Passover is here again this Monday night and, aside from a new face or two at our table, our guest list is comprised of the die-hard folks who began sharing this story with us and the Rugrats when the kids were small and we all knew what a VHS was. At this point, it almost makes no sense to celebrate Passover any other way.
We still throw plastic frogs at each other.
We still cover our front door in red finger paint.
We still march through the shredded shower curtain to part the Red Sea like Moses did.
And while the smell of my simmering matzo ball soup will never quite live up to the memory of my mother’s, it’s pretty close, so we do all this in 30 minutes flat.
My daughter is now fifteen, which, if you’ve been living with your head in the sand or have been spared having a teen in your home, is code for I know everything and you are an idiot.
(I’d keep my head buried deep if I were you.)
She has become quite active in her Jewish Youth Group and so religion is a subject bedazzled in her teenage expertise. By default, I am reminded on a daily basis of how I have to get my Jewishness on.
“Gosh, Mom, you’re totally lame. We haven’t lit the Shabbat candles in, like, forever.”
“Really, dude, community outreach is, like, KEY to Judaism. I think THIS FAMILY needs to work on that a bit- we should go to a soup kitchen or a homeless shelter or something to help out, like NOW!”
Don’t get me wrong. I love that she is like this, really, I do. She’s actually speaking to me, albeit in between fervent texting, Instagramming, and comparing selfies with her BFF, but still, beggars can’t be choosers, and so I’m not.
Plus, her connection with her Jewish roots is inspiring and would make both my grandfather, who played a critical role in founding the state of Israel, and my husband’s father, a converted Jew who sent his sons to study in Israel, extremely proud. It even makes me, the one who is totally lame, very, very appreciative and will most likely land me in a soup kitchen and lighting the candles on Friday night.
But I love that there are still some moments you don’t mess with, where family traditions, as zany and outgrown as they may be, trumps all.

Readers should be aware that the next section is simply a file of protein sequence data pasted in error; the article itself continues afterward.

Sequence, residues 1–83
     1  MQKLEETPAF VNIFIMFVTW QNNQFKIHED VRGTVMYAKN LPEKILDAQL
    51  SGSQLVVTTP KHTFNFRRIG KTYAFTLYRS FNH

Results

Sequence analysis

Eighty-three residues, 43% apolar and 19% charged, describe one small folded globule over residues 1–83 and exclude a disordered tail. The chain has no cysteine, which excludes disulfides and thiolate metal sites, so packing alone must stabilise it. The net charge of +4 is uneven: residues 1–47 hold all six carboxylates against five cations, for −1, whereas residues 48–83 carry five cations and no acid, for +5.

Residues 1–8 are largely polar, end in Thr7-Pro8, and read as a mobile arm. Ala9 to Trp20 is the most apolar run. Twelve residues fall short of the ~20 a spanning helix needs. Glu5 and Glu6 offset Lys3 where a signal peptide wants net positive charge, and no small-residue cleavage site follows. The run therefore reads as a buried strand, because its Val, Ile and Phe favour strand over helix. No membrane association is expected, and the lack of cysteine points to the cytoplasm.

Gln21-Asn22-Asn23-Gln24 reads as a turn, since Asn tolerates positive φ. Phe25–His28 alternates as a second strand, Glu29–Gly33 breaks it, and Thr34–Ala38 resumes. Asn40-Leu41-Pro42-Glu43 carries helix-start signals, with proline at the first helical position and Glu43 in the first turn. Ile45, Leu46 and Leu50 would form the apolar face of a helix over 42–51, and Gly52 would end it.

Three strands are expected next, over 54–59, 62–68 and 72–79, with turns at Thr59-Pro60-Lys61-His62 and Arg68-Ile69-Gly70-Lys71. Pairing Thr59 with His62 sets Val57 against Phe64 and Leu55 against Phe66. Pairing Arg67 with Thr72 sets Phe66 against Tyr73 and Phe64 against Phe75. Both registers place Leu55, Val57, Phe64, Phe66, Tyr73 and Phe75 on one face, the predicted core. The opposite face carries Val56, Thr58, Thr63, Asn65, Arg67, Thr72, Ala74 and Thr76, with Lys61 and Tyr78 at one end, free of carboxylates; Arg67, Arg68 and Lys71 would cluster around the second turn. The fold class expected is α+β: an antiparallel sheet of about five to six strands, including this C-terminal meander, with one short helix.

When I mentioned perhaps retiring Rugrats for a more age-appropriate version of the Haggadah, that tough grown-up demeanor my daughter works so hard to carry dissolved instantly into the panicked four-year old child who couldn’t find her blanky hidden under the bed.
“What? You’re kidding, right?”
And, of course, I was.
After all, how could I pass on flinging frogs, parting shower curtains shreds and making a mess out of my front door with my kids while Angelica, the horrible Pharaoh, is fast on our heels? No matter how old they get, the same rules apply: make it work, have fun along the way, and always eat good food.
Like that scary R.L. Stine novel I once read to my son, the one he’d beg me to continue late into the night while he hid under the covers with his flashlight. The title, Stay Out Of The Basement, was catchy enough, but my son had chosen it because of the book’s cover: a close-up of an alien green plant-hand pulling open the basement door, vying to get out.
Stay Out Of The Basement was all about a father who was a scientist and started messing with houseplants in the family basement. DNA gets mixed. Floricultural madness ensues.
I won’t give away the ending but things germinate in crazy ways.
I thought of that book when I saw my latest basil plant.
Without warning it had gone nuts, sprouting so hyperactively that it deemed its own locked basement.
For years I’d been trying to nurture my basil plants to life.
In my house, cooking with basil is second nature, like breathing air.
But basil plants never stuck around long enough for me to simmer in my bolognese sauce or carefully layer in my caprese salad.